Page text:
PETA Wants Monty—the Calf With a Vermont-Shaped Mark—Sent to a Sanctuary

Famous Calf Deserves the Chance to Be an Ambassador for Her Species, Says Group

For Immediate Release:
March 5, 2014

Contact:
David Perle 202-483-7382

Burlington, Vt. – Today, PETA sent a letter to Alburgh, Vt., dairy farmers Jed and Mary Ladd encouraging them to send Monty—the newborn calf with a mark on her forehead that resembles the state of Vermont—to a farmed-animal sanctuary rather than using her to produce milk. As PETA points out, a sanctuary home would save Monty from the fate that typically awaits female calves born into the dairy industry: a sad life of being used as a milk machine.

“Monty’s unique marking is a reminder that cows, like all animals, are unique and interesting individuals who feel pain, fear, joy, love, and grief,” says PETA President Ingrid E. Newkirk. “PETA hopes the Ladds will allow Monty the opportunity to be an ambassador for her species at a sanctuary, where she could spend her life educating visitors about the intelligent and sensitive nature of cows.”

PETA has offered to help place Monty at a reputable farmed-animal sanctuary at no cost to the Ladds.

For more information, please visit PETA.org.

 

PETA’s letter to Jed and Mary Ladd follows.

 

March 5, 2014

 

Jed and Mary Ladd
J & M Ladd Families Farm
97 Alburg Spring Rd.
Alburgh, VT 05440

Dear Mr. and Ms. Ladd:

On behalf of People for the Ethical Treatment of Animals (PETA), I am writing to ask that you send Monty, the calf with the Vermont-shaped mark on her head, to a farmed-animal sanctuary so that she can live out the rest of her life in peace.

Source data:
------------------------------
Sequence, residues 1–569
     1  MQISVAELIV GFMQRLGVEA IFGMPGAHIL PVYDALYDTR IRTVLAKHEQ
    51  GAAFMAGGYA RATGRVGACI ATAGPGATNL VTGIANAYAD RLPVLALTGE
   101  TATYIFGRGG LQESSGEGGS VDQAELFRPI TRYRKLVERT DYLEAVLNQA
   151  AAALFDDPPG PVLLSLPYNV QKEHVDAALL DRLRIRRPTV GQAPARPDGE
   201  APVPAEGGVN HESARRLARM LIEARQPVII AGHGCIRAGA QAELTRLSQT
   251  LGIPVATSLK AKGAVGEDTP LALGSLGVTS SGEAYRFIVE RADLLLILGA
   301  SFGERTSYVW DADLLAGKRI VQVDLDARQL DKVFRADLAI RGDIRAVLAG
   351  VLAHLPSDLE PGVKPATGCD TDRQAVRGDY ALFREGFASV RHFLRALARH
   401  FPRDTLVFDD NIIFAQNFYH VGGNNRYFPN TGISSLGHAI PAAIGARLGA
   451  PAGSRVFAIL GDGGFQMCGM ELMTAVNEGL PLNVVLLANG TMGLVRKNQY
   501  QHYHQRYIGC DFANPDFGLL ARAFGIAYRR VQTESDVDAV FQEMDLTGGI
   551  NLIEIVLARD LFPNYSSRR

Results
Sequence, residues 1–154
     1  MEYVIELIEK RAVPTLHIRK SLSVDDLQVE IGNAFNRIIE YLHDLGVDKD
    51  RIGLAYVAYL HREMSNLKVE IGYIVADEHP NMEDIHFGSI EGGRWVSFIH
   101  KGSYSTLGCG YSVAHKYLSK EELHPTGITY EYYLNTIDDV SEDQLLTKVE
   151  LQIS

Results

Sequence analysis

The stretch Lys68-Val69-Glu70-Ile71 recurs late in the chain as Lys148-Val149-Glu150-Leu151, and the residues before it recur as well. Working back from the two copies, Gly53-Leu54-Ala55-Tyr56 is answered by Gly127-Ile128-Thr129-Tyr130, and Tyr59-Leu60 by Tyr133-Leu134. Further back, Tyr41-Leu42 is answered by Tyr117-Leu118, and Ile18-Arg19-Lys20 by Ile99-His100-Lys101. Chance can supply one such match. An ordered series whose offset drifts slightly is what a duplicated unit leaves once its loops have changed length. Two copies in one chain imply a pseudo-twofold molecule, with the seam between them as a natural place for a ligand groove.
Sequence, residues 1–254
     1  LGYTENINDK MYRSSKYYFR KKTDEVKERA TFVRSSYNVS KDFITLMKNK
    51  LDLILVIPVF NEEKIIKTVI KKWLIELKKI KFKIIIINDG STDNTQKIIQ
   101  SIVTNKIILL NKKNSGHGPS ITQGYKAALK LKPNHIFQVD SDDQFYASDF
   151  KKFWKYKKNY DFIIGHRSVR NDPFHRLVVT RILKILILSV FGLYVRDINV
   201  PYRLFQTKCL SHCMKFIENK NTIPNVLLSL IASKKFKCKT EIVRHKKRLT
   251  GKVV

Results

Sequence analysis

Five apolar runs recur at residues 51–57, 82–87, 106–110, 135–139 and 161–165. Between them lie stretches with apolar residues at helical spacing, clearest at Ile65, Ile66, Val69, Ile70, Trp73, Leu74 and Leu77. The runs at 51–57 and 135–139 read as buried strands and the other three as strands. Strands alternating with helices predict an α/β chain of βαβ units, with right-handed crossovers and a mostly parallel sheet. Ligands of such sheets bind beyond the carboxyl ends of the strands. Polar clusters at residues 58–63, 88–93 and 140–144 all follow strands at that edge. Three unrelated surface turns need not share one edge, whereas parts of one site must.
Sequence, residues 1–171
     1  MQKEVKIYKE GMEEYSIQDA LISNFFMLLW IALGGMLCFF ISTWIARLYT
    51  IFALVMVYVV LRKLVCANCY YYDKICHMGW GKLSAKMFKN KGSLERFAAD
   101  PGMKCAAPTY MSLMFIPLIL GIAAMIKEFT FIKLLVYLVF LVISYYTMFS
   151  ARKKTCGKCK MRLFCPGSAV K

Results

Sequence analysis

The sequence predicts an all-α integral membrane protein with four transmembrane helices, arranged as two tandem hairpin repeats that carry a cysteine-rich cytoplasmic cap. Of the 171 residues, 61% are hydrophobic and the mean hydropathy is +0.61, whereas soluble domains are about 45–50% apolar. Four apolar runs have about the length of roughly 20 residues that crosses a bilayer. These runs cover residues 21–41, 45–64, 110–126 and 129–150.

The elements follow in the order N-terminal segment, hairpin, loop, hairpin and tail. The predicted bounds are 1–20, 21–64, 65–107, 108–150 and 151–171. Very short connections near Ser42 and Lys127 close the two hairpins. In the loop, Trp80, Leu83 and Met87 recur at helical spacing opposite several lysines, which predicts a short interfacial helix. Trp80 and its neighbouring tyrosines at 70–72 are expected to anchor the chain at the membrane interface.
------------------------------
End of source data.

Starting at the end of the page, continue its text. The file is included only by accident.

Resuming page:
Monty’s markings are a reminder that cows, like all animals, are unique and interesting individuals. They feel pain, fear, joy, and love, just like the dogs and cats we share our homes with. Researchers have shown that cows form friendships over time and even hold grudges against other animals. They can learn to operate a lever in order to get food. They have good memories and can recognize more than 100 individual animals. Yet cows on dairy farms are treated as nothing more than milk machines.

Monty has captured the hearts of Vermonters and would make an excellent ambassador for her species. I hope you will contact me so that I can help you find a reputable sanctuary for Monty, where she can spend her life educating visitors about the intelligent and sensitive nature of cows.

Sincerely,

Alicia Woempner
Special Projects Manager

 

For Media: Contact PETA's
Media Response Team.

Contact

Get PETA Updates

Stay up to date on the latest vegan trends and get breaking animal rights news delivered straight to your inbox!

By submitting this form, you are agreeing to our collection, storage, use, and disclosure of your personal info in accordance with our privacy policy as well as to receiving e-mails from us.

“Almost all of us grew up eating meat, wearing leather, and going to circuses and zoos. We never considered the impact of these actions on the animals involved. For whatever reason, you are now asking the question: Why should animals have rights?” READ MORE

— Ingrid E. Newkirk, PETA President and co-author of Animalkind